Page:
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Monday, 12 October 2009 07:28

Lesson 3: WWI Propaganda

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(By Valerie Schrag
and  Shannon Stenger; This e-mail address is being protected from spambots. You need JavaScript enabled to view it ; Omaha Central High)


  1. The student will interpret World War I propaganda posters and identify their persuasive messages.
  2. The student will analyze how the U.S. government used propaganda to influence American public opinion.
  3. The student will create a World War I propaganda poster using the propaganda techniques observed in the World War I-era posters.

Primary sources

(document, photograph, artifact, diary or letter, audio or visual recording, etc.) needed – cite detailed information:


(This lesson takes 2 – 3 class periods)

Step 1:

  1. Define propaganda as a class.  Brainstorm sources of propaganda that the government uses today.  Discuss responses as a class.  Put up the following propaganda poster “For Every Fighter A Women Worker”-
  2. Discuss the meanings of the symbols, graphics, and wording as a class. Guide the students through an analysis of the poster, mirroring the questions on the “War Poster Analysis” handout.  Encourage the students to describe how the illustrations, colors, words and symbols communicate the poster’s intended message.

Step 2:

  1. Give each student a copy of the “War Poster Analysis” handout (Student Handout 8.3.1) and one postcard-sized propaganda poster.  There should be 2 examples of each poster in the class, which will eventually allow the students to work together in pairs.  The postcards should be distributed randomly.
  2. Each student should complete his/her “War Poster Analysis” handout individually.  Allow 5-10 minutes for this to take place.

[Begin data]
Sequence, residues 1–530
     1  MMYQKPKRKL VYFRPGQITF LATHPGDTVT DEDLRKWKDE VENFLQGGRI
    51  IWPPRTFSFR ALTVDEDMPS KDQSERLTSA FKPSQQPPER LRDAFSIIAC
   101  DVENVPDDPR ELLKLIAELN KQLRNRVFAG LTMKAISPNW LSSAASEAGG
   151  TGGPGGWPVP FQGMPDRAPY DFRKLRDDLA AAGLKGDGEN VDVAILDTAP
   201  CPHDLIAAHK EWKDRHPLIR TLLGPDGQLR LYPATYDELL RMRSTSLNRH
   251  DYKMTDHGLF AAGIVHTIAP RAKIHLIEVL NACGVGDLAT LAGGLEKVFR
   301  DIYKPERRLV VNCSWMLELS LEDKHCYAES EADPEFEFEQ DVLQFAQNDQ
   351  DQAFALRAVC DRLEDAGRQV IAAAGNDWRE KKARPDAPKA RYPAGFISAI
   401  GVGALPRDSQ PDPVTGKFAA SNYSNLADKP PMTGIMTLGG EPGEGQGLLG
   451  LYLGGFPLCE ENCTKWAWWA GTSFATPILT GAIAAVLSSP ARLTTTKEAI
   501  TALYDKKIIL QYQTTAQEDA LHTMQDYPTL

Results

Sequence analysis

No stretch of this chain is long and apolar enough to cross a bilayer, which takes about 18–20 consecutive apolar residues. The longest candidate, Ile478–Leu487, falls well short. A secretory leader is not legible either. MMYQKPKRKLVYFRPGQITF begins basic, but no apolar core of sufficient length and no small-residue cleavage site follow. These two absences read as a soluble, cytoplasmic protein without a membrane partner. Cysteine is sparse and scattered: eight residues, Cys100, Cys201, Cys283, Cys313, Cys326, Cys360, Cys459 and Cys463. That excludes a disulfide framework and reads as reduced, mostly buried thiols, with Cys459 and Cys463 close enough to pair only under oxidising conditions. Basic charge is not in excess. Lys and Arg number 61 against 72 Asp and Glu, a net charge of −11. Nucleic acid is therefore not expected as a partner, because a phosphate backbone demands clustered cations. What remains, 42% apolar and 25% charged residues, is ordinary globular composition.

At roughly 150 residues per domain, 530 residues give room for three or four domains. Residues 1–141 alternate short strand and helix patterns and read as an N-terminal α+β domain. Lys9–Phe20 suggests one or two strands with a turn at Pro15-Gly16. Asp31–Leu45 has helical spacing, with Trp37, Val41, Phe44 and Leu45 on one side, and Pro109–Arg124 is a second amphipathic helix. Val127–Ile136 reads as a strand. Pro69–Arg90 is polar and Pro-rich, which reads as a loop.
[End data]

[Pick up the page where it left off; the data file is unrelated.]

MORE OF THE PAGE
Step 3:

  1. Once the students have individually completed the poster analysis, have them find the person who was working with the same poster.  The two students should compare their analysis of the poster, and discuss the analysis handout.  Allow 5 minutes for this discussion.
  2. Each student pair should find one more pair to create a group (4 students total per group).  Each pair will interpret its World War I poster to the other pairs in the group.

Step 4:

  1. In conclusion, allow the whole class to discuss the activity.  Which poster provoked the strongest response in each group?  Why?  How were illustrations, colors, symbols and words used to communicate the intended message?  Were the posters effective?  Why or why not? Discuss the following question:  Predict what positive and negative effects propaganda had on the citizens of the United States and others around the world.  Discuss responses as a class.

Step 5:

  1. Break students into the groups from the previous day. Pass out War Propaganda Poster Assignment (Student Handout 8.3.2) and display a copy of the rubric (Teacher Resource 8.3.1) on the overhead projector.
  2. Hand out poster boards and art materials and have students get to work on drafting their own posters.
  3. Students should research more posters online for homework and be ready to finish their posters the following day.

Step 6:

  1. Finish posters and be ready to present the following day.


Students understanding of the use of propaganda will be assessed by their answers to the War Poster Analysis Sheet and their responses in class discussion.  Students will also be assessed based upon their performance on the group propaganda posters which will be evaluated based on the rubric.

Last modified on Tuesday, 13 October 2009 06:24

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